What if diagnosing South Africa’s deadliest disease was as simple as taking a drug store pregnancy test? That day might be closer than you think.


“The white plague”, consumption — and on South Africa’s gold fields, phthisis — whatever its name, the bacteria was on the prowl long before modern science dubbed it tuberculosis. 

On March 24 1882, scientist Robert Koch discovered the bug that causes TB, naming it Mycobacterium tuberculosis.

Using the most advanced technology of the time, Koch’s trusted microscope, the tiny germs had a rod-like appearance — it was a scene that, in 1882, had only been made possible through Koch’s invention of new types of staining techniques that would make first TB, then cholera, come alive under the microscope.

And for more than a century, this is what TB tests looked like: rows of scientists hunched over their microscopes in labs across the world, desperately searching for those tiny rods among the gunk and gob that people could bring themselves to cough up as part of sputum samples.

Then in 2010, the World Health Organisation (WHO) endorsed the GeneXpert — a coffeemaker-sized machine that could deliver a TB diagnosis within two hours. By 2011, there was a growing field of rapid tests for the disease that, according to the WHO, would affect more than eight million people in that year alone.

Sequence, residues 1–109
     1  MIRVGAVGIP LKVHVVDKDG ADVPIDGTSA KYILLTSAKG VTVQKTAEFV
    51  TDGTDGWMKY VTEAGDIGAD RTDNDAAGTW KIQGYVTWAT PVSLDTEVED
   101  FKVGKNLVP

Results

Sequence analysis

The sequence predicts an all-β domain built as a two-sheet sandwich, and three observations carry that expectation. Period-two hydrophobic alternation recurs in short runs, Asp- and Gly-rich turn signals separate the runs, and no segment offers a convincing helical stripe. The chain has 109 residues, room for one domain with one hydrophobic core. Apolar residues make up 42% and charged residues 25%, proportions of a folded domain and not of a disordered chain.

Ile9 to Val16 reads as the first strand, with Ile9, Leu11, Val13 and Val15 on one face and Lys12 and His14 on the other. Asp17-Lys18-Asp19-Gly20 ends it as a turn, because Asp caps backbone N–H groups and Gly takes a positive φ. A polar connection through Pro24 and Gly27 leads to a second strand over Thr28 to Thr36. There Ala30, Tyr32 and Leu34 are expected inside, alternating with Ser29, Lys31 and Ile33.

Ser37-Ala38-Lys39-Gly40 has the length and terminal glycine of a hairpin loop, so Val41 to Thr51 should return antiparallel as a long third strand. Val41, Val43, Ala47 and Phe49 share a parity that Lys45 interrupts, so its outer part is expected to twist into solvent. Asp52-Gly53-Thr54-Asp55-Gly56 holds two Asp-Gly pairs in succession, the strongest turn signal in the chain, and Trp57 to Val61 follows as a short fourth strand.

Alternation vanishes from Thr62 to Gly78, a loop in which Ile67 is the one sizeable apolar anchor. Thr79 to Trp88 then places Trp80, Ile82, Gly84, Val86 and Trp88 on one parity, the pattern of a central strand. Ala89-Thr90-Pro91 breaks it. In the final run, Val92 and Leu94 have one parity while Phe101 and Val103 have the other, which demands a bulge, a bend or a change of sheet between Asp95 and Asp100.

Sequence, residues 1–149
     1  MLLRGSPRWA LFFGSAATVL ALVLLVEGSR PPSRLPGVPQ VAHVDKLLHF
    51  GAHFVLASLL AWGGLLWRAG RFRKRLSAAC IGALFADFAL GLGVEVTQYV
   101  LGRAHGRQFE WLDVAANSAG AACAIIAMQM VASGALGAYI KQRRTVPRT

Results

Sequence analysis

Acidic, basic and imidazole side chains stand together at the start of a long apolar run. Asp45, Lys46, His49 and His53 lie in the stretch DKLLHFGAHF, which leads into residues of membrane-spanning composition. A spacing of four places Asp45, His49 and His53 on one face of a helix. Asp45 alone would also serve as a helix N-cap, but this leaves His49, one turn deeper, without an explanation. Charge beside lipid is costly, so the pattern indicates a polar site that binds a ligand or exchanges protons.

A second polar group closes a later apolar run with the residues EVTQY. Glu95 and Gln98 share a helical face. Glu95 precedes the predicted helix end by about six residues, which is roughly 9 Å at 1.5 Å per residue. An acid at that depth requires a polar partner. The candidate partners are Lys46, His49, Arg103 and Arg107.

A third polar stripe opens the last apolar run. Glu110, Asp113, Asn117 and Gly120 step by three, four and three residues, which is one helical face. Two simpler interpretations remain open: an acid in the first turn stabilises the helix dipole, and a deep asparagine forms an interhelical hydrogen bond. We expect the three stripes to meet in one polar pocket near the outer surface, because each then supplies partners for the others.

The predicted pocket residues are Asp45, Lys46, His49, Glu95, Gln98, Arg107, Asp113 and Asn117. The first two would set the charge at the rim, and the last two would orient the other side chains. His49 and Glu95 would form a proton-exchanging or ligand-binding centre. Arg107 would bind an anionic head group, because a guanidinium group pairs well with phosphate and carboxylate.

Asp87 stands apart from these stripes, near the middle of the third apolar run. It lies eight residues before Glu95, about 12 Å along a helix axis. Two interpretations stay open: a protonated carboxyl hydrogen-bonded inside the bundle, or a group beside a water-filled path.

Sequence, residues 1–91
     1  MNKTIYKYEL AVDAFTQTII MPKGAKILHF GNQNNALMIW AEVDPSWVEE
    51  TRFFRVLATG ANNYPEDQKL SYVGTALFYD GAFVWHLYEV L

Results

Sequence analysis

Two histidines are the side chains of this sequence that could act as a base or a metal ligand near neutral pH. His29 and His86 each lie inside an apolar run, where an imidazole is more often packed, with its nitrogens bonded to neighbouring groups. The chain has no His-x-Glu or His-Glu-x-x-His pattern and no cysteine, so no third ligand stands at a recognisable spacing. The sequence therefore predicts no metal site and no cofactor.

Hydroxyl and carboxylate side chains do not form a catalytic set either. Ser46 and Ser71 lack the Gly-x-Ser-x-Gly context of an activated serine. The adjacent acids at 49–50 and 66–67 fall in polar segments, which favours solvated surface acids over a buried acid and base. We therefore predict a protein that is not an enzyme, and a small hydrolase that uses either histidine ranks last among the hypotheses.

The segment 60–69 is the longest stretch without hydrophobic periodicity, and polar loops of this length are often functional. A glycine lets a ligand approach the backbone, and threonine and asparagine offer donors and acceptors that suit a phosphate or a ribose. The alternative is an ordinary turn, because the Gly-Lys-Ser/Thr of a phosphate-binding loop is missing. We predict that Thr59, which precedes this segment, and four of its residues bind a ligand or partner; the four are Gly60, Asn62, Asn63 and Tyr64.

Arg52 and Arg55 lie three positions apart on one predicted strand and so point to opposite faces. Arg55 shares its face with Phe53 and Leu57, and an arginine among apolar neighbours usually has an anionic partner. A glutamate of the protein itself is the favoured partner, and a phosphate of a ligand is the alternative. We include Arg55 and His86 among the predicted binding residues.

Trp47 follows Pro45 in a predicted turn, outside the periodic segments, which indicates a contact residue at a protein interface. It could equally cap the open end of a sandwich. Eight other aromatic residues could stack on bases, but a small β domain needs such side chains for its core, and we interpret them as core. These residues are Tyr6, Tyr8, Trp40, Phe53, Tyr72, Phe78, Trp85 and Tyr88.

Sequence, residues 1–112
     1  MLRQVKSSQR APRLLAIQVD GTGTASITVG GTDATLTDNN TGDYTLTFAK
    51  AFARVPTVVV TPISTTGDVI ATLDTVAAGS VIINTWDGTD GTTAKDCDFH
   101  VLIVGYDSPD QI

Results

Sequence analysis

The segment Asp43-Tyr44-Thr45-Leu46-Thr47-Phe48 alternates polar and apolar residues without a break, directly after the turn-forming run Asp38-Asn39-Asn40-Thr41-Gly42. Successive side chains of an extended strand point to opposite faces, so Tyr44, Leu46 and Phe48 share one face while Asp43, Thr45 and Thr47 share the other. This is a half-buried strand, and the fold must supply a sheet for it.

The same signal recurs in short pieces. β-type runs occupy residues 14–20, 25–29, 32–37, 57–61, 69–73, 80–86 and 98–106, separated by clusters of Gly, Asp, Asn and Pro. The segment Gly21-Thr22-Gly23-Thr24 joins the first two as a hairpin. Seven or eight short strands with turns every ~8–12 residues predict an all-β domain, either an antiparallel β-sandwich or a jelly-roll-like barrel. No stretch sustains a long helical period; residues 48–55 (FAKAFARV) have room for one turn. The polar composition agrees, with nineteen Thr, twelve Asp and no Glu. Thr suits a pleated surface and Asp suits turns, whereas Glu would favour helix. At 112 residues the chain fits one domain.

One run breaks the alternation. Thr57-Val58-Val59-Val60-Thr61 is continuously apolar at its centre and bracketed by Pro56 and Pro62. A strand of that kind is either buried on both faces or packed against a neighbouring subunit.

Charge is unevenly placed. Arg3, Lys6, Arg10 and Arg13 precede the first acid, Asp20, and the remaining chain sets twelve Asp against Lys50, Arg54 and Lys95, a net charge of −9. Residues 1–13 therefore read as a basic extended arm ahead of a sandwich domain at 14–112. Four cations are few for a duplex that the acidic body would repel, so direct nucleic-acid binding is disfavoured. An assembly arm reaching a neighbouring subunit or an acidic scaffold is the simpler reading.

But there was a problem: whether it was the samples under Koch’s microscope, or what was loaded into the fancy GeneXpert machines, these tests all relied on sick people’s ability to produce sputum from deep within the respiratory tract. It was a task too difficult for most of the 38 000 children the WHO says develop active TB each year in South Africa.

Many people with HIV — who account for about 70% of all TB deaths in the country, according to the latest WHO report — also found producing sputum challenging.

And this gap can prove deadly. A 2015 review of three dozen studies and more than 3 000 autopsies of adults and children living with HIV in the Global South found that TB was responsible for four out of 10 deaths. Among those who died of TB, more than 40% had TB in places other than their lungs — meaning it would have been missed by conventional testing.

Almost half of the patients had never been diagnosed, the study published in the journal Aids revealed.

But that has now changed.

The world’s first truly point-of-care TB test

Recently, a new low-cost test was developed to diagnose TB in hard-to-catch patients, particularly those with advanced HIV. It works in much the same way a pharmacy pregnancy test does, and all in about 25 minutes.

The test looks to detect a type of sugar-bound molecule found in the cell wall of the TB bug in a few drops of urine placed on an absorbent paper strip. This molecule is known as lipoarabinomannan, or Lam for short. If the TB Lam test produces a single red line, it signals to healthcare workers that patients should be started on TB treatment.

Today, the Lam dipstick is the only point-of-care test for TB we have.